Cooking Tips · Ingredients

The Ins & Outs of Phyllo Dough

In my last Cooking Tip, I wrote in general terms about pastry doughs. In this Tip, I want to delve deeper into just one of those types — Phyllo Dough.

The word Phyllo (also known as filo/fillo) is said to come from “the Greek ancestor of the French word feuille, meaning leaf.” This type of pastry dough may go back as far as the 1500s in Istanbul.

It is made by making a stiff flour/water dough with a bit of salt and maybe some acid or oil. It is kneaded, rested and then stretched out so it gets thin enough to be translucent. In recipes calling for phyllo, these paper-thin sheets are layered to give a structure that is similar to puff pastry but the dough itself is virtually fat-free.

We will normally find phyllo in our stores in the freezer section. Although not the only brand, the major one you will find in our supermarkets is Athens and they make not only the sheets but also little phyllo cups. Because of the minimal fat content, many prefer these to little tart shells made with pie dough or puff pastry. They will be crunchier and more delicate, though.

It will most likely be frozen when you buy it and, most sources, including Athens, say phyllo should be allowed to defrost slowly in the refrigerator overnight. Some experts warn that if it thaws too quickly, the dough can become sticky. Others claim it can be thawed for several hours at room temperature. If at all possible, I would opt for thawing in the refrigerator.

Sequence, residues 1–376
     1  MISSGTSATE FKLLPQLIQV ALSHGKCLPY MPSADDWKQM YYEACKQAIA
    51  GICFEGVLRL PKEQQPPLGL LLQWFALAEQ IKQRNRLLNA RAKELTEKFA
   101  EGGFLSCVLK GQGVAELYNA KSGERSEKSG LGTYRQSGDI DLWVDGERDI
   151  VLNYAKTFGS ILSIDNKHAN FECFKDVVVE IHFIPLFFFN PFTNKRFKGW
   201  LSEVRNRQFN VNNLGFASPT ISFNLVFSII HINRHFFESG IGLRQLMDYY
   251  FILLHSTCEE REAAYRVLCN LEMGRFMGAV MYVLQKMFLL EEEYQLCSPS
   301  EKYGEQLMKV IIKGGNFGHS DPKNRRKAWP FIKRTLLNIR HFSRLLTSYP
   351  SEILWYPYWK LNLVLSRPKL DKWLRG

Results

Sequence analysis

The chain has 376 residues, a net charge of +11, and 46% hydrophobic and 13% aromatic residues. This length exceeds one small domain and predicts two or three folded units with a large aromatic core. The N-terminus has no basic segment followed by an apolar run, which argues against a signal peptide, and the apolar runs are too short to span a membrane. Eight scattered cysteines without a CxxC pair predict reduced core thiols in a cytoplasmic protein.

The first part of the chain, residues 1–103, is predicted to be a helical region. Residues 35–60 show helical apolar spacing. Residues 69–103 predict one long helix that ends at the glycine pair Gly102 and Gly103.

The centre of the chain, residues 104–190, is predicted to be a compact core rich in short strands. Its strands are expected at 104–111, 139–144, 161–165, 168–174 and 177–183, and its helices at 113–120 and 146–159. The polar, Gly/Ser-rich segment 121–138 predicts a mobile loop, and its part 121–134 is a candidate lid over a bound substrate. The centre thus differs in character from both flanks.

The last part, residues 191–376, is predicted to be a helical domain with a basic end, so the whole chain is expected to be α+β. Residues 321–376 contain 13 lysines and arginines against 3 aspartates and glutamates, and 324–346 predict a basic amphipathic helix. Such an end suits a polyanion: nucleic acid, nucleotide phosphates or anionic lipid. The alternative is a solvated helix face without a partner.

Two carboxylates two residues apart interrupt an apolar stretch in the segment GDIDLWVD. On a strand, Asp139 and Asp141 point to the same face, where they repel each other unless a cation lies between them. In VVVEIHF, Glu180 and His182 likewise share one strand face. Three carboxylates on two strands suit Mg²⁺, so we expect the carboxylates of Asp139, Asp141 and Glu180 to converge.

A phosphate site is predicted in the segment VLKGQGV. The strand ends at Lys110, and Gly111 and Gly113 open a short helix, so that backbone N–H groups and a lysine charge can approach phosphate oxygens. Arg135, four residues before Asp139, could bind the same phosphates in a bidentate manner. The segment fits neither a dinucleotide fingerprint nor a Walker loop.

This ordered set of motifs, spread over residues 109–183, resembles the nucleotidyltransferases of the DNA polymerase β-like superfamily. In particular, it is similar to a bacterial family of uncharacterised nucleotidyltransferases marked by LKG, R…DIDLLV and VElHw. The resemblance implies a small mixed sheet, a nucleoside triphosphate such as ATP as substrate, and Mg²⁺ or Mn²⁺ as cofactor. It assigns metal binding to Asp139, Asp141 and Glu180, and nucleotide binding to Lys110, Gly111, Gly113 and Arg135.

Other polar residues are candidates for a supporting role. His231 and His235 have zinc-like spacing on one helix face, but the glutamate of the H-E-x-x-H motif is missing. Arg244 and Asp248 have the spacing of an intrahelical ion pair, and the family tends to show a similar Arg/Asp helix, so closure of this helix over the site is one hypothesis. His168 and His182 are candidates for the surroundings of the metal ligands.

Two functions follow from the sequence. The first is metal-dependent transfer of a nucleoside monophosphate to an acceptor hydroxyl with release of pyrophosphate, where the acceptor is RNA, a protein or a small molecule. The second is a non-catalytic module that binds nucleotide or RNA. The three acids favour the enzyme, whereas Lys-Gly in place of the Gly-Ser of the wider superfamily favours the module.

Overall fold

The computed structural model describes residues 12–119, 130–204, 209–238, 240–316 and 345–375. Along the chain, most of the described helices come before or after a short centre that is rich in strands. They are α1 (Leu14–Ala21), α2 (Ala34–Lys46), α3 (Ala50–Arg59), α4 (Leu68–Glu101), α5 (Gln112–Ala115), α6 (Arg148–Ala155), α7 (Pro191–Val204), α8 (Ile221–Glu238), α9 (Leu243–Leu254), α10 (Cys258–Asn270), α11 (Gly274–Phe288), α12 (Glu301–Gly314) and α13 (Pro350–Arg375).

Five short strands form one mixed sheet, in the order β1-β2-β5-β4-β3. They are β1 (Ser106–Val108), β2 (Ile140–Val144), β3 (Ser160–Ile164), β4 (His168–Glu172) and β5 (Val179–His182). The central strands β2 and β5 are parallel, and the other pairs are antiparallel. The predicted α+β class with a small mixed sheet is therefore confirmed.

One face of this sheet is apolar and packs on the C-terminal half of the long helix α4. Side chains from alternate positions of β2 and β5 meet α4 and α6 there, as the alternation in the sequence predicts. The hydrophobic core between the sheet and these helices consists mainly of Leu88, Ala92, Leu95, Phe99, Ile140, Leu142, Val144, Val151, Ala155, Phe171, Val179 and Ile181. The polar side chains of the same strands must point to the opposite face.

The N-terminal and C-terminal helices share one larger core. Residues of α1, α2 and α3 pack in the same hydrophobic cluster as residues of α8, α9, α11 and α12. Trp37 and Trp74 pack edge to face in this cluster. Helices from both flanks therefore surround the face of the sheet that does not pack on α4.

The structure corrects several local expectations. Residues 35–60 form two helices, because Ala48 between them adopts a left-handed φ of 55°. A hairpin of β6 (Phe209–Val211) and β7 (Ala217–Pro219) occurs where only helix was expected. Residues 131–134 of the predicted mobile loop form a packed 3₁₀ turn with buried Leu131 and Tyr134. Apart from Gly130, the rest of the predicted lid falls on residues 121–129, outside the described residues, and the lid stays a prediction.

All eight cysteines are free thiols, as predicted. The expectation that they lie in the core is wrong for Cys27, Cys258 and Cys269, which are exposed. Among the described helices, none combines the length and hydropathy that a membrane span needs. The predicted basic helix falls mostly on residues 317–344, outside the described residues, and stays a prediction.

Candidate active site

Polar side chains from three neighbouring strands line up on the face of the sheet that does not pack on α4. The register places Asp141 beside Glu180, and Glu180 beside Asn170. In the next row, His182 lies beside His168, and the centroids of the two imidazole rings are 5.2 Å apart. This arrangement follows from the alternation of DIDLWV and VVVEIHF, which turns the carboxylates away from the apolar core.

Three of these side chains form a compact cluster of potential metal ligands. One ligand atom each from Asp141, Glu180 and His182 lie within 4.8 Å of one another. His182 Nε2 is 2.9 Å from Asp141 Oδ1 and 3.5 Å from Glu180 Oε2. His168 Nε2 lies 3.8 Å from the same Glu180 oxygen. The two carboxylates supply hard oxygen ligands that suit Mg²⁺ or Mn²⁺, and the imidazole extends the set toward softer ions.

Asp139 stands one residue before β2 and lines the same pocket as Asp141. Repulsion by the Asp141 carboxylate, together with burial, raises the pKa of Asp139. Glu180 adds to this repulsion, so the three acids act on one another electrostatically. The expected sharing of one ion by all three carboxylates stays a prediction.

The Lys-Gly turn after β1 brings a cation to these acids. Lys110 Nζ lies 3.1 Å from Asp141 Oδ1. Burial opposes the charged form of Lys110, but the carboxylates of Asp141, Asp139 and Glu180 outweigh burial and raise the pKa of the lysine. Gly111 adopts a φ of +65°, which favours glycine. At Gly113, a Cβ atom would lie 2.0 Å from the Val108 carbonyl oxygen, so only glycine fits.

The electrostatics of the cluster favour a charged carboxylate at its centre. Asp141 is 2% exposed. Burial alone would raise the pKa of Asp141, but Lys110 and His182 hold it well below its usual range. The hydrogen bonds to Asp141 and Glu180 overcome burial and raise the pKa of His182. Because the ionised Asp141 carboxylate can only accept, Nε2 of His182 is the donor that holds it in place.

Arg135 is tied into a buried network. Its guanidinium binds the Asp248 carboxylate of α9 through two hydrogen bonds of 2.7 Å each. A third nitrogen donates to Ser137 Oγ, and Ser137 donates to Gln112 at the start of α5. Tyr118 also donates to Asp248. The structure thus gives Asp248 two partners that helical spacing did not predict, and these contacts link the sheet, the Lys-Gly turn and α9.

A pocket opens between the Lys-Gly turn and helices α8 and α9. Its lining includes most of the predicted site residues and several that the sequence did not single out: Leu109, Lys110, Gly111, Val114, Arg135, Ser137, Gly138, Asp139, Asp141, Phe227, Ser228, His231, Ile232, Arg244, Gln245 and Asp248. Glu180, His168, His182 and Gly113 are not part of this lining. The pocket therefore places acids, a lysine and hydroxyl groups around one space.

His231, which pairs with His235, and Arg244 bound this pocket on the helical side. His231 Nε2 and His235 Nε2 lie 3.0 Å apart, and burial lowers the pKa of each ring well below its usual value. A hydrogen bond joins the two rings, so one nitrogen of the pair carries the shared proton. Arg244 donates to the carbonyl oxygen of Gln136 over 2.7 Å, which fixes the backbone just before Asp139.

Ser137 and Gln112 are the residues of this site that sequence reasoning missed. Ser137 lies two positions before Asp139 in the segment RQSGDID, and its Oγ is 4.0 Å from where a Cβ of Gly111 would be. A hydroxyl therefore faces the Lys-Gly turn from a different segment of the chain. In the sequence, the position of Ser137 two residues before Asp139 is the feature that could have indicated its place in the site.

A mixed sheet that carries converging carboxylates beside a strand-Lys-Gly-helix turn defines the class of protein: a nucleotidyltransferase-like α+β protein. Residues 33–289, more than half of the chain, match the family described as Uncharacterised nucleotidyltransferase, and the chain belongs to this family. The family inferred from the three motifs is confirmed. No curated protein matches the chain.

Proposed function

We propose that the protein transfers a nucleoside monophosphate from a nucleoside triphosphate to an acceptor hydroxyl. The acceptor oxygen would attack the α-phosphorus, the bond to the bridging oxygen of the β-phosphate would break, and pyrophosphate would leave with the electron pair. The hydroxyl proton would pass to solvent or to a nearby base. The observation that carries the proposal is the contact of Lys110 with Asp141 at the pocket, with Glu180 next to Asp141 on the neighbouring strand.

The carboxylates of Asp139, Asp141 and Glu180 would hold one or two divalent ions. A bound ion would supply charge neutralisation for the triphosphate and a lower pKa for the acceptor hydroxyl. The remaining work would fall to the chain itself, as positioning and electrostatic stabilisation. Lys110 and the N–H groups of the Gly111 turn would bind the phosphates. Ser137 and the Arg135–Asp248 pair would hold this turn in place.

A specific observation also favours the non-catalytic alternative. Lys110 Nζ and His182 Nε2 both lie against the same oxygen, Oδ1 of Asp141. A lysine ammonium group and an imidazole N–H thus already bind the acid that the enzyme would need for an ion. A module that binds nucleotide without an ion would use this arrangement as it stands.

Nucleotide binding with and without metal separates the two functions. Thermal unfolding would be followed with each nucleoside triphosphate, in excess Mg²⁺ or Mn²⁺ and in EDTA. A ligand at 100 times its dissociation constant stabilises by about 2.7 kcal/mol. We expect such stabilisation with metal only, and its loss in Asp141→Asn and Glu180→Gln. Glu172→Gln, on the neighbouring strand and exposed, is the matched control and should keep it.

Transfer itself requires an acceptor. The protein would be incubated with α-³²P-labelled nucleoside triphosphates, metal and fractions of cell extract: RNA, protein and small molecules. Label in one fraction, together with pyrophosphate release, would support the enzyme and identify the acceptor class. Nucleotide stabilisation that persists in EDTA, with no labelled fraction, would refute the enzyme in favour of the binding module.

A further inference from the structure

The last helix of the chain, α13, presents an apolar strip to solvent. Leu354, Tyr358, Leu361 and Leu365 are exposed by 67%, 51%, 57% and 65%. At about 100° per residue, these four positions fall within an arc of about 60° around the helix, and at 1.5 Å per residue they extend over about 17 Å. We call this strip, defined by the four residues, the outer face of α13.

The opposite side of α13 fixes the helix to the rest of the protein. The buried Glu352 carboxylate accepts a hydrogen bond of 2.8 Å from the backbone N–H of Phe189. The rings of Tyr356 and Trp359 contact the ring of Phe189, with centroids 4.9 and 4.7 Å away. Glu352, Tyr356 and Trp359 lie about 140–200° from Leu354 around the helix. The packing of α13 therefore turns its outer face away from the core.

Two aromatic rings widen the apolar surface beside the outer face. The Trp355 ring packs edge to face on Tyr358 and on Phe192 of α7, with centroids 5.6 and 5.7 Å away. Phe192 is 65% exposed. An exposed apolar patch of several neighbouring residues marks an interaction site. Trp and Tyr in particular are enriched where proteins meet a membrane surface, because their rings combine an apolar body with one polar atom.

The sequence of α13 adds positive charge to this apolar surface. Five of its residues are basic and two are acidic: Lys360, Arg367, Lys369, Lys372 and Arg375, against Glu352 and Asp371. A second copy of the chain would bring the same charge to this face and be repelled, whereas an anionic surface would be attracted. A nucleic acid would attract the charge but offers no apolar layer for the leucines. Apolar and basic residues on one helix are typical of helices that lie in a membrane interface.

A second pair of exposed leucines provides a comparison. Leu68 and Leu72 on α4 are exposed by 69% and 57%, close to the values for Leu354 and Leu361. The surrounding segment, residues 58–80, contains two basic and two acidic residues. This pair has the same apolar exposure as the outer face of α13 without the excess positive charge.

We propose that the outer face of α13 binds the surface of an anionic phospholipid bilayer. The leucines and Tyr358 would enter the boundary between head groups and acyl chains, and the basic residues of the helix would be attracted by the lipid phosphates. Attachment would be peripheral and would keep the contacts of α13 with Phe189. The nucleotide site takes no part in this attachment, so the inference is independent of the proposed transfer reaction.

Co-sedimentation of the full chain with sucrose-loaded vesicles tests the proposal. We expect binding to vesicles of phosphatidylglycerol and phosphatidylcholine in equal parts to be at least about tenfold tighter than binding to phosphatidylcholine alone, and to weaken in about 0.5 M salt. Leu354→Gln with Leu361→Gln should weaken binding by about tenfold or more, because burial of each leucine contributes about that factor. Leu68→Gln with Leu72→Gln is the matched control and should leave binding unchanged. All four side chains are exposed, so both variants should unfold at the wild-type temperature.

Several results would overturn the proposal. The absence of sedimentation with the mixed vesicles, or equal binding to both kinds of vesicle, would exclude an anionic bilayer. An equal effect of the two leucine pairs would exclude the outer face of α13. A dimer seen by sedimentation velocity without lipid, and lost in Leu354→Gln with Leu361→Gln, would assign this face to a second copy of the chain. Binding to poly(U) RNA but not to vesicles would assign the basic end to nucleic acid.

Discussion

Athens also recommends allowing it to sit at room temperature for a couple of hours before using. 

When you are ready to use it in your recipe, you must take certain precautions. Because of how thin it is, phyllo will quickly dry out and become brittle. The typical recommendation is to cover the sheets you are not using with a damp cloth to keep them moist and pliable. Cooks Illustrated finds that people often make the towel too wet leading to a sticky dough. They, therefore, recommend either covering the sheets with plastic wrap or parchment followed by a damp towel.

As the phyllo sheets are layered in a recipe, they are brushed or sprayed with oil or melted butter to keep them supple.  It is easy to get tears in the phyllo dough as you use it. If this happens, just make sure the tears don’t line up as you stack the phyllo sheets.

Bo Friberg in The Professional Pastry Chef warns that if phyllo is re-frozen, the sheets can become brittle. Athens say that you can store unused sheets in the refrigerator for up to 1 week if wrapped tightly in plastic wrap. They also say it can be refrozen for up to 2 months but recommend wrapping tightly in plastic wrap followed by foil. From personal experience, I can say that it does become more brittle the more you refreeze it.

Strudel is a variant of phyllo dough but it is made differently in that it is a wetter dough and contains more fat, often an egg. These two terms (phyllo & strudel) are sometimes used interchangeably and many apple strudel recipes are made with phyllo dough.

So, what can you make with phyllo dough? Many of us think of dishes such as baklava and spanakopita. It is also used in making both sweet and savory strudels. You can experiment and try phyllo in place of other pastry in items such as tarts and pies although the results will be different.

Yes, you can make your own phyllo dough but it does take some technique and quite a bit of practice. Have you ever made your own?  Let me know.